Scott Morrison Used Precious Debate Time to Blame Social Media for Killing Our Faith in Politics

Scott Morrison Used Precious Debate Time to Blame Social Media for Killing Our Faith in Politics
Image: Tada Images, Shutterstock

Prime Minister Scott Morrison has been vocal over the last few years about his determination to “rein in” the tech giants, to make Big Tech accountable for what is said on their platforms and to have them “pay their fair share”, be that taxes or media organisation subsidies.

But as far as pre-election promises, the space has been a little dry.

In the first debate in the lead up to the 2022 Federal Election last night, both Morrison and Opposition Leader Anthony Albanese made some remarks around social media and its affect on politics and touched on where they might target their interest should their respective parties gain power.

Interestingly, however, these remarks were made off the back of a question that highlighted only 55 per cent of those aged 18 were enrolled to vote. The question actually built off a prior question that stated voters have an all-time low level of faith in the integrity of both major party politicians. The second question asked how both leaders can look internally, as well as externally, to fix that.

In his response, Albanese picked out the ‘young people engagement’ piece.

“We need to engage with young people, we need to engage with issues that involve them because they are our future and I know that young people are particularly concerned about issues like climate change, making sure that the world that they inherit is one that’s at least as pristine as the one that’s there at the moment,” he said. This was said after he acknowledged there being so much “disillusionment with our political processes and our political system”, pointing then to his party’s plan for a national anti-corruption commission.

He said he wanted to reignite faith in politics. And that there’s a need for the country to be united.

Morrison’s response took a different direction. There’s been a lot of changes since he and Albanese were growing up, the Prime Minister said, and one of the things that has had the most corrosive impact, he said, was social media on our society.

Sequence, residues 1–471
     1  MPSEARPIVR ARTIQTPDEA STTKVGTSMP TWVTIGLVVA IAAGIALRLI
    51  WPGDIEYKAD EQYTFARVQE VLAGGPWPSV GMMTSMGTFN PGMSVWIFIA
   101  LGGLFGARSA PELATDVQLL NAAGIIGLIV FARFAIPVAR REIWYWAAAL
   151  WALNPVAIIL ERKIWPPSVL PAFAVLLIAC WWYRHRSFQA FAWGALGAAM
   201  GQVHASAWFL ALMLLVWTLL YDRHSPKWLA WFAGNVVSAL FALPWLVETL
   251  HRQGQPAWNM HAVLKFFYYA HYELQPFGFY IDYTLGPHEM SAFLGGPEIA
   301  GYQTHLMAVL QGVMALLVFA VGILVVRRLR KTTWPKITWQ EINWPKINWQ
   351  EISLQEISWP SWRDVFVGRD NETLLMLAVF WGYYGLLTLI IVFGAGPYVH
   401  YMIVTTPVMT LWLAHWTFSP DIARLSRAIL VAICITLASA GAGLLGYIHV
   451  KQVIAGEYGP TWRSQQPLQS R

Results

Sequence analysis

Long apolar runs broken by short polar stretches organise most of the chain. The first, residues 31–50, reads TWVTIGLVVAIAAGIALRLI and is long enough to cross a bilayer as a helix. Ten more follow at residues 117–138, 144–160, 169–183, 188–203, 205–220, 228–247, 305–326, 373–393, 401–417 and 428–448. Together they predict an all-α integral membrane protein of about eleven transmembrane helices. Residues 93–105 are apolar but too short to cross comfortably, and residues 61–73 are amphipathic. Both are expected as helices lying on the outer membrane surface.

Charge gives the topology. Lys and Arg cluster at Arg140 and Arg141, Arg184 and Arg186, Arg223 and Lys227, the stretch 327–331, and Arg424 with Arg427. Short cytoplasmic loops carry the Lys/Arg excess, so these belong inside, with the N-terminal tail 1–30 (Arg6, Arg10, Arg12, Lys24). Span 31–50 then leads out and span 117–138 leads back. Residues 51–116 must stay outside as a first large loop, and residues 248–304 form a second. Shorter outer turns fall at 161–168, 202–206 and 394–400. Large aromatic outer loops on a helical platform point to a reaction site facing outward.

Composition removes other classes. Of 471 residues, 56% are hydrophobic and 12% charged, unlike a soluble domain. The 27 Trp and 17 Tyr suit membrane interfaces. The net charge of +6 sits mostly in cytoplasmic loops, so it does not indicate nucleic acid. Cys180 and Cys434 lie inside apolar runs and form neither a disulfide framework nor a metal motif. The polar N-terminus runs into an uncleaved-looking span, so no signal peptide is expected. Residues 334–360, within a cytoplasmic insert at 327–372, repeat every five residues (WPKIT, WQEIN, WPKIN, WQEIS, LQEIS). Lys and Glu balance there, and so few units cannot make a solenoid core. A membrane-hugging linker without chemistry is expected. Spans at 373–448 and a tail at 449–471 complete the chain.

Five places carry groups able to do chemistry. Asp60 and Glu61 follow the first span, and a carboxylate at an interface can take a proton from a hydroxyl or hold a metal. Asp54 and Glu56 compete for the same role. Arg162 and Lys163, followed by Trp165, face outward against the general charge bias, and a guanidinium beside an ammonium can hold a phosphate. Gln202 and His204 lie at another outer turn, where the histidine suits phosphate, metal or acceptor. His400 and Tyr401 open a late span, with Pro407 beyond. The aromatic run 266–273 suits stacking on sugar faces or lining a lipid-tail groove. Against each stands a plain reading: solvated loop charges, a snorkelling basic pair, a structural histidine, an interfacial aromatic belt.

“Particularly in the way that it robs and steals the confidence and hopes of young people, particularly the bullying that goes on online, the destroying of lives that goes on online and the big tech companies – I can tell you that our government has been leading the world in standing up to those big tech companies,” the Prime Minister said.

“We put the first online eSafety Commissioner in place in the world, we’ve ensured that we’ve introduced legislation which makes those companies pay when they allow on their platforms people to be bullied in this way.”

Further, Morrison is concerned about the way people engage on social media and its affect on politics.

“The way people engage on social media I think is incredibly dangerous – it has its great advantages, families stay connected in ways that we never could before – but at the same time, what has happened with social media in our political debate over the last 10 years, it makes me terribly sad and I think young people have been most affected by that,” he said.

“There are things that people would never say to each other, but they will write it in a comment and it’s hurtful and it’s destructive and the big tech companies have to take responsibility for that.”

According to Morrison, changing what goes on in social media spaces is one of the “best ways that we can get a better debate in this country, a better discourse, a better engagement – to be able to disagree better, rather than what we see on social media today, I think it’s really undermining our society”.